The two legal standards under which potentially anti-competitive conduct is analyzed by regulators and the courts are 1) the rule of reason, and 2) the per se standard.[18]  Under the rule of reason standard, the factfinder weighs all the circumstances of the case to decide whether a practice should be prohibited as imposing an unreasonable restraint on competition against the practice’s pro-competition effects.[19]  As illustrated by Socony Vacuum and U.S. v. Suntar Roofing, Inc., under the per se standard, certain specific actions constituting restraint on trade are “so likely to produce anti-competitive effects” that a rule of reason analysis is not necessary and they are considered inherently unlawful, and as a result, per se violations of the Act.[20]  Acts such as price-fixing, bid-rigging, and market allocation (including no-poach agreements) are examples of per se restraints on trade and are illegal.  The per se standard is used to evaluate price-fixing conduct.  The court held that the per se rule was appropriate as NAR engaged in horizontal price-fixing by “inflating or stabilizing broker commission rates.”[21]

The decision comes at an opportune time given the Biden Administration’s recent aggressive, anti-monopoly bent; Federal Trade Commission Chair Lina Khan has long been a critic of Amazon and other large companies that she considers stewards of monopolistic and anti-competitive behavior.[22]  As a student at Yale Law School, Khan authored a paper that criticized FTC inaction in prosecuting monopolistic behavior – noting the declining prosecution of antitrust behavior beginning during the Jimmy Carter Administration.[23]  While the DOJ was not a party to the NAR lawsuit, it filed a notice of withdrawal of consent in a 2021 settlement against NAR alleging that the settlement would prevent the DOJ from further investigation into NAR’s conduct.[24]  As private class-action lawsuits continue to have NAR in their sights, a successful DOJ lawsuit can be built upon similar antitrust theories as Burnett, proving to be a death knell for how the industry operates.

[1] See Laura Kusisto & Nicole Friedman, Realtors Reach Settlement That Will Change How Americans Buy and Sell Homes, Wall Street J. (Mar. 15, 2024, 4:36 PM),; 15 U.S.C. § 1.

[2] Burnett v. Nat’l Ass’n of Realtors, No. 4:19-cv-00332-SRB, 2022 WL 17741708, at *9 (W.D. Mo. Dec. 16, 2022); Settlement Agreement, Burnett v. Nat’l Ass’n of Realtors.

[3] See Debra Kamin, Powerful Realtor Group Agrees to Slash Commissions to Settle Lawsuits, N. Y. Times (Mar. 15, 2024),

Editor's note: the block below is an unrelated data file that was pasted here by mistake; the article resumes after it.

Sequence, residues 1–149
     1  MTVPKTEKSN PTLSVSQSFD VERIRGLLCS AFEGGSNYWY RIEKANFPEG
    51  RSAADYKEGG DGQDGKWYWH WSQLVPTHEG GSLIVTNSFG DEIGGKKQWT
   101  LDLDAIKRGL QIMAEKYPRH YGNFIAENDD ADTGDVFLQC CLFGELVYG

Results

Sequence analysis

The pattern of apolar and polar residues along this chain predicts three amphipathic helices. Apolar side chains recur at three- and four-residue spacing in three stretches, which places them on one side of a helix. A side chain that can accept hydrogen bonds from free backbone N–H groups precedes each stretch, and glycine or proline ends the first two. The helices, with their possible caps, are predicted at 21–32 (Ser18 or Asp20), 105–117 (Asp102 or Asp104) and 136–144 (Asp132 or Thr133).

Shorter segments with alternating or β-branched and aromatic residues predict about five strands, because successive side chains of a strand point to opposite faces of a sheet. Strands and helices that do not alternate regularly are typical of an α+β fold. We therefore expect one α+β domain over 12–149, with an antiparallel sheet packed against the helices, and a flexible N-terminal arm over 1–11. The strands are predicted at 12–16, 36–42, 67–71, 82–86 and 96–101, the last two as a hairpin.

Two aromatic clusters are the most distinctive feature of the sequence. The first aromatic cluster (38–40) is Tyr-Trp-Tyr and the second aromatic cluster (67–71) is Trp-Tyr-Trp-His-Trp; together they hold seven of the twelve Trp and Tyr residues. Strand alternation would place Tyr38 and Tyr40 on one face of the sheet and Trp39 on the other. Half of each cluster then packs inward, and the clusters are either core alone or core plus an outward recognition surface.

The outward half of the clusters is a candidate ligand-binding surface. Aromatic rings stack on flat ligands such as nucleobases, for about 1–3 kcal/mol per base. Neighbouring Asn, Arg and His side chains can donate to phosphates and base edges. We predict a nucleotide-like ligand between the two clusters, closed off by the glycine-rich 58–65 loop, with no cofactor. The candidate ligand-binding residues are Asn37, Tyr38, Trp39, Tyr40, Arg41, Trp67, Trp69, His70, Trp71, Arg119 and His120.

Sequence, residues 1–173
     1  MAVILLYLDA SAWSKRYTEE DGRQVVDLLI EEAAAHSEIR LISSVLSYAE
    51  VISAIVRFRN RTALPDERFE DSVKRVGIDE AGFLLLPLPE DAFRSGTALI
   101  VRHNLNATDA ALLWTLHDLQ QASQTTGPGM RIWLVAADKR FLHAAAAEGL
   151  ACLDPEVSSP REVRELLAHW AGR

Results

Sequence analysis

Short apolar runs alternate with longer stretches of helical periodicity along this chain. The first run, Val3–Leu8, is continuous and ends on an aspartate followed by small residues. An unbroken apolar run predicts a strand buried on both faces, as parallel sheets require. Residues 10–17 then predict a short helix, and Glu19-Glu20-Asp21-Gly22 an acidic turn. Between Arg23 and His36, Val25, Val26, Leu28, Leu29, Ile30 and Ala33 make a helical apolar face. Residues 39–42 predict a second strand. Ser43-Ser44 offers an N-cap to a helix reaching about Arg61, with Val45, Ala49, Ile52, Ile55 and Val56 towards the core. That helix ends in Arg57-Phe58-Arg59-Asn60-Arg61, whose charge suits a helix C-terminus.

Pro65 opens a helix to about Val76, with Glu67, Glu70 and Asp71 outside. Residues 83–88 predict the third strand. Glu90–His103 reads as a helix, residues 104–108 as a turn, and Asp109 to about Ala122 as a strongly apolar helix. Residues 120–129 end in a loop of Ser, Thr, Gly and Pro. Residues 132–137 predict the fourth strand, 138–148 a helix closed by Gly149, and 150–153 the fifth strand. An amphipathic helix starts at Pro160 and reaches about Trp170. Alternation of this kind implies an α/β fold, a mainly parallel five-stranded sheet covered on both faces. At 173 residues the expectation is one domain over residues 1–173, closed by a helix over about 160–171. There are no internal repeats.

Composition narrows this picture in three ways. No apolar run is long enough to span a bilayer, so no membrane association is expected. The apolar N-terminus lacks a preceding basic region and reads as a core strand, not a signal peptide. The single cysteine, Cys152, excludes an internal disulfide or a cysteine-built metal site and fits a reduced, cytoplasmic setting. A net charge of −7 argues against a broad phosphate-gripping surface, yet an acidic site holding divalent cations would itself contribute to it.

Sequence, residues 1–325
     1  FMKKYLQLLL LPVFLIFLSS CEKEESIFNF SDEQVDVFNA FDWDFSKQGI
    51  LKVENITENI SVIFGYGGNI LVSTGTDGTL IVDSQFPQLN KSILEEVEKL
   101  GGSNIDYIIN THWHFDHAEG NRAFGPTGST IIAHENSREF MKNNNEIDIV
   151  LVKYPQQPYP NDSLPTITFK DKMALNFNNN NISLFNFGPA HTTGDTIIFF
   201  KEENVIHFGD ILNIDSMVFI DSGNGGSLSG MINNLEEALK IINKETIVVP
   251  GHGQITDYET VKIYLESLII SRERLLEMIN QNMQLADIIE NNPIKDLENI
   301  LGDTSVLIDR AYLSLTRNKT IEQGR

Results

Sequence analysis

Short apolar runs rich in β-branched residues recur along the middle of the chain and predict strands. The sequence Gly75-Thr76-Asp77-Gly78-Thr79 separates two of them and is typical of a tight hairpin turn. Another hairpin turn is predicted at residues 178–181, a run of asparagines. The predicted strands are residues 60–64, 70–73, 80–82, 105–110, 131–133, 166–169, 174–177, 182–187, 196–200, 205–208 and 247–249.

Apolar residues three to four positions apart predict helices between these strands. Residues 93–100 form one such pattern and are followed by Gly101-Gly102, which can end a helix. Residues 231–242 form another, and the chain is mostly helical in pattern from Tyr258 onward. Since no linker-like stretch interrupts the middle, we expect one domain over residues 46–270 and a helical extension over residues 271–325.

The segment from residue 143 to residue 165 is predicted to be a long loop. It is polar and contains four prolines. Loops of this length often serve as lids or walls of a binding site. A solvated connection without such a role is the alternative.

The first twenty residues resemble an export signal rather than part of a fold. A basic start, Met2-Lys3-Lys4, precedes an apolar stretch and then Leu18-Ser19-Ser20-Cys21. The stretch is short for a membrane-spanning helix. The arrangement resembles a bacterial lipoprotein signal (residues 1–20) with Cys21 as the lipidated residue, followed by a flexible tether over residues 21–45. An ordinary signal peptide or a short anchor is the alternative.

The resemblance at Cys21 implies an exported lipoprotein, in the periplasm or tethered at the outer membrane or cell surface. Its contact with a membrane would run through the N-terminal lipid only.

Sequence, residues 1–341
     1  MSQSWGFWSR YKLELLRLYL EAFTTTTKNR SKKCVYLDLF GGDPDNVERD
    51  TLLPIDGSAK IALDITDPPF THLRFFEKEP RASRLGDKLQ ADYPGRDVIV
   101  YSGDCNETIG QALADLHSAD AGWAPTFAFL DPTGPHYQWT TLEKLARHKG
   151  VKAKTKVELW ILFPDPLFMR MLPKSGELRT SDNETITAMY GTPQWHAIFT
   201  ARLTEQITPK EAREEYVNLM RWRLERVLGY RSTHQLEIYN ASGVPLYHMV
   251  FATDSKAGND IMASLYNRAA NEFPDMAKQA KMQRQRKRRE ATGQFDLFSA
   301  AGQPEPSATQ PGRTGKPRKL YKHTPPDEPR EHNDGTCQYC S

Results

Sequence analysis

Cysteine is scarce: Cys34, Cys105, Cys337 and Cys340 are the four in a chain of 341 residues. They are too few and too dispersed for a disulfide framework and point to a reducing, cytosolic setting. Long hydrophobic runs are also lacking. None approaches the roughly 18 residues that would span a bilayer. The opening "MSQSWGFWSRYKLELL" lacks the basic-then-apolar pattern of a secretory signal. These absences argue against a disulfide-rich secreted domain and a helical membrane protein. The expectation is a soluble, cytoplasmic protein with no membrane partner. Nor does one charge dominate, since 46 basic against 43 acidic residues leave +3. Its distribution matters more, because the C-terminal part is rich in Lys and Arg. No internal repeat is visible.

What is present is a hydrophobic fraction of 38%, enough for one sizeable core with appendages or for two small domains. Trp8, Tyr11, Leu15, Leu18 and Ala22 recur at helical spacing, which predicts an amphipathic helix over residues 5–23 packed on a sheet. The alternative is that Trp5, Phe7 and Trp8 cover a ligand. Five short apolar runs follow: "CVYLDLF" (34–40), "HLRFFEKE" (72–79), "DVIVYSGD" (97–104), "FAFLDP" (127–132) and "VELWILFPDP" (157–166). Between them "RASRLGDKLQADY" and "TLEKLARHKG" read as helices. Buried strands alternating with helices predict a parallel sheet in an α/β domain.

[4] Kusisto & Friedman, supra note 1.

[5] Id.

[6] Id.

[7]  The Truth About the NAR Settlement Agreement, Nat’l Ass’n of Realtors (Mar. 22, 2024), (last visited Apr. 5, 2024).

[8] See Laura Kusisto & Nicole Friedman, Realtors Are in Crisis—and Home Buyers Could Be the Winners, Wall Street J. (Feb. 16, 2024, 5:30 AM),

[9] Kusisto & Friedman, supra note 1.

[10] Kusisto & Friedman, supra note 8.

[11] Id.

[12] Id.

[13] Id.

[14] Id.

[15] See Laura Kusisto, How the $1.8 Billion Real-Estate Commissions Lawsuit Came to Be, Wall Street J. (Nov. 26, 2023, 5:30 AM),

[16] Quick Real Estate Statistics, Nat’l Ass’n of Realtors (Mar. 21, 2024),,real%20estate%20agent%20or%20broker (last visited Mar. 24, 2024).

[17] Kamin, supra note 3.

[18] The Antitrust Laws, Fed. Trade Comm’n (last visited Apr. 5, 2024).

[19] Id.

[20] United States v. Socony-Vacuum Oil Co., 310 U.S. 150, 222 (1940); United States v. Suntar Roofing, Inc., 709 F. Supp. 1526, 1536-39 (D. Kan. 1989).

[21] Burnett v. Nat’l Ass’n of Realtors, No. 4:19-cv-00332-SRB, 2022 WL 17741708, at *9 (W.D. Mo. Dec. 16, 2022); Def.’s Mot. Summ.  J., at 20-21 (Dec. 16, 2022) (Case No. 4:19-cv-00332-SRB).

[22] See Dave Michaels, et al., FTC Sues Amazon, Alleging Illegal Online-Marketplace Monopoly, Wall St. J., (Sept. 26, 2023),

[23] See David McCabe, U.S. Accuses Amazon of Illegally Protecting Monopoly in Online Retail, N.Y. Times, (Sept. 26, 2023),; see also Cory Doctorow, Amazon is the Apex Predator of Our Platform Era, N.Y. Times, (Sept. 27, 2023),

[24] See Justice Department Withdraws from Settlement with the National Association of Realtors, Dep’t of Justice,(July 1, 2021),